5 Tips for Starting Your Own Small Press

After the MFA, writers often take on projects that will keep them engaged in the world of creative writing and publishing. Perhaps the most ambitious entrepreneurial work an MFA alum can undertake is the creation of a small press.

The rewards are obvious: small presses publish some of the most innovative, challenging, and unique books on the market. But starting a small press is a big challenge, and seeing a manuscript through the many stages of publication requires a broad skill set that not every writer has.

A number of alumni of the MFA Creative Writing Program at The New School in New York City have created their own presses. Here are 5 top tips from New School alumni on how to make it happen:

  1. When soliciting manuscripts, don’t underestimate word-of-mouth.

    Kate Angus, founder and co-editor of Augury Books, says, “Having writers we know pass the word along to their friends, students, and acquaintances brought many new manuscripts our way that we wouldn't otherwise have seen.”

    Justin Marks, co-editor of Birds, LLC, emphasizes the importance of reading widely: “You never know what you'll come across that is a potential fit for what you're doing as a publisher. The more voices, the better.”

  1. Editing means helping to shape a book into the best version of itself.

    Ben Fama, co-founder of Wonder, argues that copyediting a book requires a thorough understanding of the author’s project in order to suggest edits that bring out its best qualities. Angus agrees, but cautions, “Don't overedit; it's not your own book.”

  1. When it comes to designing a book, trust your collaborators.

    For many writers-turned-editors, book design is not necessarily part of their skillset. Fama puts it plainly: “Hire a designer.” Angus, who has worked regularly with designer Mike Miller, urges editors to defer to their collaborators and “trust people who have better aesthetics than you.”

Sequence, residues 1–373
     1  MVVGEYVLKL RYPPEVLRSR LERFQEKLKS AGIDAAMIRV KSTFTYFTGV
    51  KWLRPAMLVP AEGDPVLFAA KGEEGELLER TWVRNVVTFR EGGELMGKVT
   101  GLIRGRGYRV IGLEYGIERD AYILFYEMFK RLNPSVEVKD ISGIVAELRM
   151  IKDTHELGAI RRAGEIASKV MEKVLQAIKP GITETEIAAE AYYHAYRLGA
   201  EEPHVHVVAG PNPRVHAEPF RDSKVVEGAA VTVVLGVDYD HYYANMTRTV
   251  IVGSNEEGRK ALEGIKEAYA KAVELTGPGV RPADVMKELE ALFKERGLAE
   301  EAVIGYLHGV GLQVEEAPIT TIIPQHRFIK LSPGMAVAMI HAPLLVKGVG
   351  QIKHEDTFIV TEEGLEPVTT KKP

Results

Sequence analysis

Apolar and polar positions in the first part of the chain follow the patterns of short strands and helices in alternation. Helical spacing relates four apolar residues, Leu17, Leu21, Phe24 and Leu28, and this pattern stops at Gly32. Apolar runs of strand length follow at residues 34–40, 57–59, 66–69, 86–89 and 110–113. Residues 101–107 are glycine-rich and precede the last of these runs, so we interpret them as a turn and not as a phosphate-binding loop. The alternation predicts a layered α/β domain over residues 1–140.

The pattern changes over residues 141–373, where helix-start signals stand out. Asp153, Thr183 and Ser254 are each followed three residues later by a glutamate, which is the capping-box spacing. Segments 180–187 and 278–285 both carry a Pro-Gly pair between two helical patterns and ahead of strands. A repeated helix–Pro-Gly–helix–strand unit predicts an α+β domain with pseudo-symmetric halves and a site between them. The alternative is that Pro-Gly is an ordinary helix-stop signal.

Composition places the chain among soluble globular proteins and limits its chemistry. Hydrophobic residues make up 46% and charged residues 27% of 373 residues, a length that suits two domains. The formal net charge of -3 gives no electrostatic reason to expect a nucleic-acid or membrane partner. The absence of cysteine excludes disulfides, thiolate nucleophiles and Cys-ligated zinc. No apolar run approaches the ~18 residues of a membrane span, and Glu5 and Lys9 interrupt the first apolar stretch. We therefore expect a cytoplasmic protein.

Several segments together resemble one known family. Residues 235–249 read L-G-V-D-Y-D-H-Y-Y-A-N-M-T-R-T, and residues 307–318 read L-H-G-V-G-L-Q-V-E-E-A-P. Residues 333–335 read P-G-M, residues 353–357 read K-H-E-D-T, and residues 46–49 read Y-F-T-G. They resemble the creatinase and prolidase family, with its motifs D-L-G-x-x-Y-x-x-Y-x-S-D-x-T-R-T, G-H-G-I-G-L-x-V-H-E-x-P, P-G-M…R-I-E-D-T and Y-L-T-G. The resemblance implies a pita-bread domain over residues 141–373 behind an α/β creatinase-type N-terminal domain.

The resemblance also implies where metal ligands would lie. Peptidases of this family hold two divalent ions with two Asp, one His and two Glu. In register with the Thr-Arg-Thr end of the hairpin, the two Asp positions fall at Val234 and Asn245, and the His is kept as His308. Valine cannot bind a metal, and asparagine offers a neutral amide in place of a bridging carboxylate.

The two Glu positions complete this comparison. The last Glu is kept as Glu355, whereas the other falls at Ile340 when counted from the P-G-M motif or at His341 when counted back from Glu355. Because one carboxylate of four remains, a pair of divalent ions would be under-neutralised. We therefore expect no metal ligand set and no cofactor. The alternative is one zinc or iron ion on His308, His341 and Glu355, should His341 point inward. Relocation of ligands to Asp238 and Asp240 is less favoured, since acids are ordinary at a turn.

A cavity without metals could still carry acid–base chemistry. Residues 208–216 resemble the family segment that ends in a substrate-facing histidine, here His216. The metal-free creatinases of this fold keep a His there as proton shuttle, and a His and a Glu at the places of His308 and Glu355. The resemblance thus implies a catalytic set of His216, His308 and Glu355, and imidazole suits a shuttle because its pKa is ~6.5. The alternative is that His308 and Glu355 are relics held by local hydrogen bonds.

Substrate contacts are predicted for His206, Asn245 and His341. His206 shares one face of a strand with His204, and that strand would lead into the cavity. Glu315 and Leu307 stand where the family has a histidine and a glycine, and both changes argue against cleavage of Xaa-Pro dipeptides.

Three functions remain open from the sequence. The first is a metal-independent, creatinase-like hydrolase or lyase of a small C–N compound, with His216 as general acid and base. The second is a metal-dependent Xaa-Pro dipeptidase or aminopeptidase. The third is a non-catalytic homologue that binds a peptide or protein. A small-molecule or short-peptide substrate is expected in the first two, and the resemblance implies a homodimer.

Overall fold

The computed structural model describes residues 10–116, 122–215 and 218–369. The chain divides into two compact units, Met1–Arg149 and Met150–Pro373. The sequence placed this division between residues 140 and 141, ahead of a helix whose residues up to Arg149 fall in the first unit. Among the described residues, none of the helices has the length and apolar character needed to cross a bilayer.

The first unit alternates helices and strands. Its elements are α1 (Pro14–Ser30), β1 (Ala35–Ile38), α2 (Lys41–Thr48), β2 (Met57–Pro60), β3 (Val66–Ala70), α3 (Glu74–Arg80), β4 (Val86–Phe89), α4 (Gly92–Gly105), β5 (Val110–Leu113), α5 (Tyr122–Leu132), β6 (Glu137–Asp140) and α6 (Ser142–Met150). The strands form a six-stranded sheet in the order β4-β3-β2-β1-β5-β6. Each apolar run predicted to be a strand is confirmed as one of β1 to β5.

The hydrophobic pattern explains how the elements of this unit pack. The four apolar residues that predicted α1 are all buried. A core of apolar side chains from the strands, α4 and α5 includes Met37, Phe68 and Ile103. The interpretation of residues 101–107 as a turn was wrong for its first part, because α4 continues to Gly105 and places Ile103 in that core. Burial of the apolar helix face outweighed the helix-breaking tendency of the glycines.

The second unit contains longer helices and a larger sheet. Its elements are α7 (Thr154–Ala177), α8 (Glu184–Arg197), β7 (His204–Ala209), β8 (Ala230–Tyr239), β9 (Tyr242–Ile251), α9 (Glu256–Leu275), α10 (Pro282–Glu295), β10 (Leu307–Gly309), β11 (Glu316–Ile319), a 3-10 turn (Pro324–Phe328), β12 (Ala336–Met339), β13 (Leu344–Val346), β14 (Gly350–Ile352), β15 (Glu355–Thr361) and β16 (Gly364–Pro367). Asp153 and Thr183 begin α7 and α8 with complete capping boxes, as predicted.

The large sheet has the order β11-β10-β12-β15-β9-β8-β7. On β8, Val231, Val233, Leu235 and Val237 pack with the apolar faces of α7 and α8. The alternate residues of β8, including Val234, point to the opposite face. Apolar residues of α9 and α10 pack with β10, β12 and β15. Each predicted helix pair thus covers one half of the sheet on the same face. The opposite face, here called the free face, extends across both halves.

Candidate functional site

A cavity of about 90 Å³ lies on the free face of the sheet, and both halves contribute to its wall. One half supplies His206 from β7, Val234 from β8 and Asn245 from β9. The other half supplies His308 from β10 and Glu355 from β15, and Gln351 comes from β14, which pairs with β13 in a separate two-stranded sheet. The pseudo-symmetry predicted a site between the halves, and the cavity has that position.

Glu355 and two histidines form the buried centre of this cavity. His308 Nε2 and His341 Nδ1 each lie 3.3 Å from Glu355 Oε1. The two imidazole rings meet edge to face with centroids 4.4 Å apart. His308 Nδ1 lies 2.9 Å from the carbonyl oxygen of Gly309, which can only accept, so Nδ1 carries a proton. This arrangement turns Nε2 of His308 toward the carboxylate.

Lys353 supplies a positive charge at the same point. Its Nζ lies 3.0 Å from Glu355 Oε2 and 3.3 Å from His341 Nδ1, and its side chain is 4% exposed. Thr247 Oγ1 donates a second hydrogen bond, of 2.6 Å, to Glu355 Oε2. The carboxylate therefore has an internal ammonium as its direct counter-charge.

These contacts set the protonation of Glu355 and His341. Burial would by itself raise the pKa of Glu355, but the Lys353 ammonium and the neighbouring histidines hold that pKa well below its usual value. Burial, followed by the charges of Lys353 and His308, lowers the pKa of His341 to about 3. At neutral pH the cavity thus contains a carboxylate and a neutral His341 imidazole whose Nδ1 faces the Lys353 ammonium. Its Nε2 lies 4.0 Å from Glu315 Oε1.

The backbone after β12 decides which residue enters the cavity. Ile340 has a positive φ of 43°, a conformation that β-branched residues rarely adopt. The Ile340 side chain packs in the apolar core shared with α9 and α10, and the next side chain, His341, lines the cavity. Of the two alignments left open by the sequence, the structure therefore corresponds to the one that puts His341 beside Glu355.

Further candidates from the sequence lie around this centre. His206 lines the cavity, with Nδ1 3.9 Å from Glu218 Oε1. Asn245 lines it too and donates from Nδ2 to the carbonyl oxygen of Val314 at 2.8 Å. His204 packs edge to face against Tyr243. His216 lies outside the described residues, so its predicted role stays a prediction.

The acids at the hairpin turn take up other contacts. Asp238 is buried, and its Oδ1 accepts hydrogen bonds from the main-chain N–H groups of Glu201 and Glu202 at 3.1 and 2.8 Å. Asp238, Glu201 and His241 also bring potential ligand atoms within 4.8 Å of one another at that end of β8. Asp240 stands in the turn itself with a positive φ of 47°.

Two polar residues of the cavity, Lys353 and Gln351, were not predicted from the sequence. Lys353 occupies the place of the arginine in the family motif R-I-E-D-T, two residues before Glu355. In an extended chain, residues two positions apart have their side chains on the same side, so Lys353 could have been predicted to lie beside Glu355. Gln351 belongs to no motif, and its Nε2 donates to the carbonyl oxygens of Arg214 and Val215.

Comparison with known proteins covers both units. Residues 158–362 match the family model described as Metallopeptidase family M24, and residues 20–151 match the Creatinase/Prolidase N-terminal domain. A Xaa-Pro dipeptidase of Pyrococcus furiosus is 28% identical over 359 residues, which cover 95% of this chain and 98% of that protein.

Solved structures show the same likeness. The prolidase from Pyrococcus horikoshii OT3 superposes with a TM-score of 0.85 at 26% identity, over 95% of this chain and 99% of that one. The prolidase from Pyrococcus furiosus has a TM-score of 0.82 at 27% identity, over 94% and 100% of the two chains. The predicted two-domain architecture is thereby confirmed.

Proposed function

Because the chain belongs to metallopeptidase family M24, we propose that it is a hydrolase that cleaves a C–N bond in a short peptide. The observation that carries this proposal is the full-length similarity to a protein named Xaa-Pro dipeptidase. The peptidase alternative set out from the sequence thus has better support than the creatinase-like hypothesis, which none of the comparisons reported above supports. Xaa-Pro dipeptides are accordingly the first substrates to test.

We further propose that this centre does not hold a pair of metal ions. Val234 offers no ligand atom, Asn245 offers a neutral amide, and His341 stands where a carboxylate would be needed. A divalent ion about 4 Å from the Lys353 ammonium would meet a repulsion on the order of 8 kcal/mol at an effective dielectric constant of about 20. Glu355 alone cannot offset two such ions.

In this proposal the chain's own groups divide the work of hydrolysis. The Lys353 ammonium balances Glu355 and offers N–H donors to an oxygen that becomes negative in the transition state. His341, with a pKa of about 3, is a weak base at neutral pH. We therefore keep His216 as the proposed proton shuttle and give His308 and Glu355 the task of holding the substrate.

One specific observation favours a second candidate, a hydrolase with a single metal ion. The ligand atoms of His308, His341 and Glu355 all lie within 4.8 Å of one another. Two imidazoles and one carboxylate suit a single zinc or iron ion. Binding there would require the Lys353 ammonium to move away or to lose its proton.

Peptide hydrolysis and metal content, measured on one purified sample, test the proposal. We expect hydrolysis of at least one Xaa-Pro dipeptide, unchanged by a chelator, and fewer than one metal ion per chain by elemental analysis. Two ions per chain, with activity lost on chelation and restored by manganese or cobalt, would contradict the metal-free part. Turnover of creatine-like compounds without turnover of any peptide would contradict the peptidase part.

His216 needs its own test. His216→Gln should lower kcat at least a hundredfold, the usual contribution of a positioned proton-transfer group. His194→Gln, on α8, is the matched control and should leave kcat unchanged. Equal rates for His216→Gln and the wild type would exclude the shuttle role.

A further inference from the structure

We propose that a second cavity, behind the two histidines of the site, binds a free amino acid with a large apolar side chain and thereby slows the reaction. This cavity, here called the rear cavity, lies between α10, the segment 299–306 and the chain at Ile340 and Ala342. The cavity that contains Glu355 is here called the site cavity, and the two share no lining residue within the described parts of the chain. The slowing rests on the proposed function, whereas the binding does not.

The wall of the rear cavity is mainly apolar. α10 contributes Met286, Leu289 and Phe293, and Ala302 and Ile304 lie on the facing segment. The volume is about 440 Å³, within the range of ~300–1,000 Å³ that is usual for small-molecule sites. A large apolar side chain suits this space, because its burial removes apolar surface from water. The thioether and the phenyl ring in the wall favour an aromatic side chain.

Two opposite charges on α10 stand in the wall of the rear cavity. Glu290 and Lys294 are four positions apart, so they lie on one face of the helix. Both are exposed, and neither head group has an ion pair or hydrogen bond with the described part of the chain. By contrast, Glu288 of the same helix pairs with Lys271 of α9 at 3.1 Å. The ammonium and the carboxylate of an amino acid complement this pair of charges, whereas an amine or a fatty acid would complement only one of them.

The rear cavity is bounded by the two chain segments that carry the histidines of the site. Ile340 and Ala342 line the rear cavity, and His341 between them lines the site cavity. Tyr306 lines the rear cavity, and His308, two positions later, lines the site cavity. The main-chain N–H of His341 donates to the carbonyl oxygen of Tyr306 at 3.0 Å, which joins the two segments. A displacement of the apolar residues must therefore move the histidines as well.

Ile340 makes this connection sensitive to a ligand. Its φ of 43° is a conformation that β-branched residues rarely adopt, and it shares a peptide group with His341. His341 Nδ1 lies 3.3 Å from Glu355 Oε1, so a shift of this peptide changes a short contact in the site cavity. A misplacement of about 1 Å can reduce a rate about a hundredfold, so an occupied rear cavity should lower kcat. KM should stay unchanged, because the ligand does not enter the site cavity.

Justin Marks connects book design with sales and marketing: “When you're thinking about design, try to also think about how the book will look on a shelf or on a table at a book fair. Will it stand out? Will it be something people will want to pick up and hold?”

  1. Work with a distributor.

    Augury Books, Birds, LLC, and Wonder all work with Small Press Distribution (SPD). Augury staff initially distributed books themselves, but they soon became too large to fill their own orders. Wonder worked with SPD from the beginning. Marks says of SPD, “The people there are great and have a genuine love for small presses.”

  1. Leverage social media for publicity.

    Most small presses can’t afford publicists, so it’s often essential for the press and the author to share in publicizing a book. Social media is a great and low-cost place to start. Fama suggests starting with a single social media platform as a way to develop your profile and engage with other presses and your potential audience. “Social media can be daunting, so sticking to one platform helps. Encourage your authors to do the same.”

Students in The New School’s MFA Creative Writing program have the opportunity to work hands-on with preeminent literary magazines and presses in New York City. The Writing and Publishing Lab connects students with internship opportunities at Guernica magazine, the Academy of American Poets, and the National Book Foundation, among others. John Freeman’s literature seminar takes students through every stage of making, editing, promoting, publishing, and digitally distributing the print journal Freeman's, published by Grove Atlantic.

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